Nov 18, 2010

A Word for Thanksgiving

In the next week we will celebrate Thanksgiving as a national holiday. For believers, Christian or Jewish, every day is a day of thanks. Yet in our most honest moments we recognize that “thanksgiving” is a tough emotion to manufacture. Most human beings are not born thankful. For another thing, we find it more difficult to give thanks for the present than we do for past things or for what the future holds. Ultimately, truly thankful people who are spiritually mature. However difficult spiritual maturity may be we do know that being mature is not simple. Thus, thanksgiving is something that we know that we ought to feel, but in practice it is a difficult notion to live out daily.

In the book of Revelation, the writer tells us that

“all the angels stood around the throne and around the elders and the four living creatures, and they fell on their faces before the throne and worshiped God, singing, ‘Amen! Blessing and glory and wisdom and thanksgiving and honor and power and might be to our God forever and ever! Amen’ ” (Revelation 7:11-12).
Notice that thanksgiving is one of the seven aspects of the heavenly worship of God. But we all know people who see no need to thank God, or any one else for that matter.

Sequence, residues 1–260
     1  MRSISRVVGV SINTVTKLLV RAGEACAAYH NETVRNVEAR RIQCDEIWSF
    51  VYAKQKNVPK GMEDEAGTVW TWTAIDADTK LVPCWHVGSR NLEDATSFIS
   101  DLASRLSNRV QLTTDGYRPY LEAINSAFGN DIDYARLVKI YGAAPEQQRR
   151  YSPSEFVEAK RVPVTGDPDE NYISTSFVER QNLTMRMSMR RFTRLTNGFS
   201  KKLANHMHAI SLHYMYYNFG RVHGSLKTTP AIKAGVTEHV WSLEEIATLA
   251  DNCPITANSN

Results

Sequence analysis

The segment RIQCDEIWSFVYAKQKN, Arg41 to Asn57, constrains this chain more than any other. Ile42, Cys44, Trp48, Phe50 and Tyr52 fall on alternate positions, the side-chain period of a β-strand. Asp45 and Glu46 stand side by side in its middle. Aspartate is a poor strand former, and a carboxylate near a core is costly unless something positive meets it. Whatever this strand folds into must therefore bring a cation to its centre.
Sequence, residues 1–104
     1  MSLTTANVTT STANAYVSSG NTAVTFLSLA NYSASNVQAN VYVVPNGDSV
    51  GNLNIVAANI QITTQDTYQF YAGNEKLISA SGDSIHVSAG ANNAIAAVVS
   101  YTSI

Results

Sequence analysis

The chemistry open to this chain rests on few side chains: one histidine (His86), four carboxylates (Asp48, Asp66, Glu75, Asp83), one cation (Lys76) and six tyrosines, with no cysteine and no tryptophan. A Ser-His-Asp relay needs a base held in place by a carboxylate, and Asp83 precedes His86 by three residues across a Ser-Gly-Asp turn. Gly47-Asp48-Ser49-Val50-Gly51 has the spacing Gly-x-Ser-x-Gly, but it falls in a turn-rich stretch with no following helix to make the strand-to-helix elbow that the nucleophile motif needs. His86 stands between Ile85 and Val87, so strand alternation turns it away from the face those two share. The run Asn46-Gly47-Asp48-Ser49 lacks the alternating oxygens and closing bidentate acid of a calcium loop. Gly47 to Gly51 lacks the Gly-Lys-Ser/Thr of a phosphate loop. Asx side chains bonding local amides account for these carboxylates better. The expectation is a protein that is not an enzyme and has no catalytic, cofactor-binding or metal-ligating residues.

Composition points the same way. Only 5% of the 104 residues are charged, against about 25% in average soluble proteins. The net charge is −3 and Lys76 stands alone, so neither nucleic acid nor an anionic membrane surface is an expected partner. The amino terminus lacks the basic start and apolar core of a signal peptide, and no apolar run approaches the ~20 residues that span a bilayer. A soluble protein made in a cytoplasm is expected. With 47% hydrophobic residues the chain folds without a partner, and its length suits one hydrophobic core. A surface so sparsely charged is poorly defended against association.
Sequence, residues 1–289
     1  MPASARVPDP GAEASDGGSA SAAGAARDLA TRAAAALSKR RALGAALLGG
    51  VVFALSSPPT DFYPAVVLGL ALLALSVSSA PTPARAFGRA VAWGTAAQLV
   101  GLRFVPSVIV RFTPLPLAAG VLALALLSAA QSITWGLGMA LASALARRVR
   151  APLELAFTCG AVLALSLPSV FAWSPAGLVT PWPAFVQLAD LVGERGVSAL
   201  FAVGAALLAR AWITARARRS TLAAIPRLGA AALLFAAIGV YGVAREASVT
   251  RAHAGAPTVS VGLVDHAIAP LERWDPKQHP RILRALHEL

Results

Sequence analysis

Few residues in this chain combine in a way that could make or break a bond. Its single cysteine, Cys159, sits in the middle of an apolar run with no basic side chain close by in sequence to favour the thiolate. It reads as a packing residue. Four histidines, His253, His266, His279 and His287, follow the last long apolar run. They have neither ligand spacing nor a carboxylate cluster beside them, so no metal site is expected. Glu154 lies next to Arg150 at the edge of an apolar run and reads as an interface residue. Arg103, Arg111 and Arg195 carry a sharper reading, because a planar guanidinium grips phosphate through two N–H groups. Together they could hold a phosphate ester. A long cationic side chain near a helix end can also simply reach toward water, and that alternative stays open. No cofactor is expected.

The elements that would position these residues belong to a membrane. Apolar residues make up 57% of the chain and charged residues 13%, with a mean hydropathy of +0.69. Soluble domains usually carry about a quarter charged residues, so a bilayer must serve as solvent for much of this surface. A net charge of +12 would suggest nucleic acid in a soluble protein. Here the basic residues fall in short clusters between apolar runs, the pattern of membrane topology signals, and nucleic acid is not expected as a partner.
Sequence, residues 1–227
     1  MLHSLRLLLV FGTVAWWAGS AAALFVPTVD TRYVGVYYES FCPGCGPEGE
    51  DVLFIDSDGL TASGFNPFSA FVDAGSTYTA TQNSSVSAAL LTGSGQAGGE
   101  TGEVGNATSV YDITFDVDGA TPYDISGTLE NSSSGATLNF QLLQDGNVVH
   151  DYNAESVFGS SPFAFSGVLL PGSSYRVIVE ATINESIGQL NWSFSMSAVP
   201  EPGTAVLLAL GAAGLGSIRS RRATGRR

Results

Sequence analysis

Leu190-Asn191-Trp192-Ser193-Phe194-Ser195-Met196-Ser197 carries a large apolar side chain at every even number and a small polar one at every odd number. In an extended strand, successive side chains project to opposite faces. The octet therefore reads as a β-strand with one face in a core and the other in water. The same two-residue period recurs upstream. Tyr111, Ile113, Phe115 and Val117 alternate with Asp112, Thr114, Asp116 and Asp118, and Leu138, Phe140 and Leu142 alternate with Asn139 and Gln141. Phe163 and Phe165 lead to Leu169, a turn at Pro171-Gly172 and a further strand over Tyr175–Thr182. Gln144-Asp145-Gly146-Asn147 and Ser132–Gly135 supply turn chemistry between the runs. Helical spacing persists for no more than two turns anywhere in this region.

In his book, Folk Psalms of Faith, Ray Stedman tells of an experience H. A. Ironside had in a crowded restaurant. Just as Ironside was about to begin his meal, a man approached and asked if he could join him. Ironside invited his to have a seat. Then, as was his custom, Ironside bowed his head in prayer. When he opened his eyes, the other man asked, “Do you have a headache?”

Ironside replied, “No, I don’t.”

The man asked, “Well, is there something wrong with your food?” Ironside replied, “No, I was simply thanking God as I always do before I eat.”

The man said, “Oh, you’re one of those, are you? Well, I want you to know I never give thanks. I earn my money by the sweat of my brow and I don’t have to give thanks to anybody when I eat. I just start right in!”

Ironside said, “Yes, you’re just like my dog. That’s what he does too!”

As we said, spiritually mature people are thankful people.

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